In this film, April Pengart Campbell and Clarrie Kemarr Long use speech and sign to discuss some of the ways that Anmatyerr people use sign language. This film was made by Jenny Green and linked to a story on Indigenous Language projects written by Amanda Burdon for Australian Geographic magazine in 2014.
Welcome to Iltyem-iltyem
Iltyem-iltyem is an online resource for sign languages used in Indigenous communities in Central Australia. This site contains several hundred video clips of signs for public view. The project was piloted by members of the sign language team from Ti Tree in Central Australia.
This website is for people who want to teach and learn Central Australian sign languages. It will also help people learn spoken language, as most of the video clips contain sign language and speech together. The word iltyem-iltyem is used in Anmatyerr to mean ‘signalling with hands, using handsigns’. It comes from the word iltya, ‘hand, finger’. Because this sign language project began with Anmatyerr people from the community of Ti Tree, we have named the website, iltyem-iltyem. This word is equivalent to iltyeme-iltyeme in Eastern/Central Arrernte and rdaka-rdaka in Warlpiri. In Kaytetye eltye eltyarrenke means ‘use hand signs’.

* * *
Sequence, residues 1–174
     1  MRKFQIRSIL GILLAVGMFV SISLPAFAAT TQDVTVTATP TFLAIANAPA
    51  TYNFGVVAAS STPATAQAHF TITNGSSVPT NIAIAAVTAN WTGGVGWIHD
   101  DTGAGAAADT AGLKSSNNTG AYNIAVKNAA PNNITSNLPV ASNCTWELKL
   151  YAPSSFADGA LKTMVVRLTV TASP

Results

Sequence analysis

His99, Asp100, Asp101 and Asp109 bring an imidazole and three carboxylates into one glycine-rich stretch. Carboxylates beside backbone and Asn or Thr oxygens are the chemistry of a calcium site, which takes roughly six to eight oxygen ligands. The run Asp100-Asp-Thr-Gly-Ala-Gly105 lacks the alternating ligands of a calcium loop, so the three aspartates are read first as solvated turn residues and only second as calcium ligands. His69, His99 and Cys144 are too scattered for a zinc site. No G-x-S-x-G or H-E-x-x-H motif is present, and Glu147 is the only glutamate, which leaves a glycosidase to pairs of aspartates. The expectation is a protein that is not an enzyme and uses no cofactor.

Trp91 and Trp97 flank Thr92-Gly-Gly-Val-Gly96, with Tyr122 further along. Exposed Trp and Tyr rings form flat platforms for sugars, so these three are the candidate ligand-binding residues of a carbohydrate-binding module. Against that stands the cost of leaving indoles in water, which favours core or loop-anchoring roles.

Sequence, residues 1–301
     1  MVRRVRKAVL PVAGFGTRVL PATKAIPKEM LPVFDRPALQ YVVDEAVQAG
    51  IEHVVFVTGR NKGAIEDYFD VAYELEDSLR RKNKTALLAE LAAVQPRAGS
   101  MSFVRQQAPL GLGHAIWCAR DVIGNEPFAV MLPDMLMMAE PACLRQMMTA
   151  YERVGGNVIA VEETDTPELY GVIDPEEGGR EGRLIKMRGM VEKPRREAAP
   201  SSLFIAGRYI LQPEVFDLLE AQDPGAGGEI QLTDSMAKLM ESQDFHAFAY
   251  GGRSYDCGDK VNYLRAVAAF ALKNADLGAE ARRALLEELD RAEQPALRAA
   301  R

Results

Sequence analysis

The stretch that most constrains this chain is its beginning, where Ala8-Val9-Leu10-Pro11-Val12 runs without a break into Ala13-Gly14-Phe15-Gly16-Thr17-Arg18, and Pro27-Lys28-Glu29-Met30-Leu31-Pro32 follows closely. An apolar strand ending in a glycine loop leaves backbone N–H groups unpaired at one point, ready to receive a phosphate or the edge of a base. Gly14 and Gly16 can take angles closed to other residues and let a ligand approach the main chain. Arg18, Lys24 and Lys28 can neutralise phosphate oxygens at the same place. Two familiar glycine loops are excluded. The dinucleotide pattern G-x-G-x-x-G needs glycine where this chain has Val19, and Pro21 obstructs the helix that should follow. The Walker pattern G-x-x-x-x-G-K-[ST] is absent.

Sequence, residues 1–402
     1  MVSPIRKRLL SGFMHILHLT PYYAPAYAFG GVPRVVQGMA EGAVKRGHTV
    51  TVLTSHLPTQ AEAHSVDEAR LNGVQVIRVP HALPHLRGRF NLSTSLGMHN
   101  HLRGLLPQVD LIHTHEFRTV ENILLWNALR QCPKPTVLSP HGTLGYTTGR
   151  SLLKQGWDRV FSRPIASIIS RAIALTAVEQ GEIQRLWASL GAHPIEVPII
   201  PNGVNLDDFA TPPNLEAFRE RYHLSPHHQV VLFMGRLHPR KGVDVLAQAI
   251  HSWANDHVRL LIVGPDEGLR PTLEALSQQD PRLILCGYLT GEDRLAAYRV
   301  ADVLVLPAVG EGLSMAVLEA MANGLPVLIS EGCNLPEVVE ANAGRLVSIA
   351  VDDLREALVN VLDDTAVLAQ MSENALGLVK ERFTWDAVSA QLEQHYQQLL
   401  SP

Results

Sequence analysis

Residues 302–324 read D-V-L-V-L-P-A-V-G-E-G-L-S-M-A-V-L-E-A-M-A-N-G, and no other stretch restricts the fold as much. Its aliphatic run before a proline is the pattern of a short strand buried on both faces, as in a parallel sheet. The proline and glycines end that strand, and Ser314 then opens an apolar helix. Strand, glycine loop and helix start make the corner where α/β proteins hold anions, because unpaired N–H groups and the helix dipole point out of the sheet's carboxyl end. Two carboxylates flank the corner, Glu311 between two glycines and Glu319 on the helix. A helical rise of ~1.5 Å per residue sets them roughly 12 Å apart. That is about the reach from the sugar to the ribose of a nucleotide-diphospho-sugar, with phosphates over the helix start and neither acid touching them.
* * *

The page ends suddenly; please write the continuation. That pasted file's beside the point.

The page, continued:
How to use this site
The iltyem-iltyem website is organized around short video clips. The clips are grouped into categories, which roughly follow the categories found in the IAD Picture Dictionary series. Read on for instructions about how to interpret the identifications that go with each clip, and how to browse and search.
Aboriginal and Torres Strait Islander viewers are warned that the content on this website may contain images and voices of people who have passed away.
Iltyem-iltyem: Sign language in Central Australia by Batchelor Institute of Indigenous Tertiary Education is licensed under a Creative Commons Attribution-NonCommercial-NoDerivs 3.0 Unported License.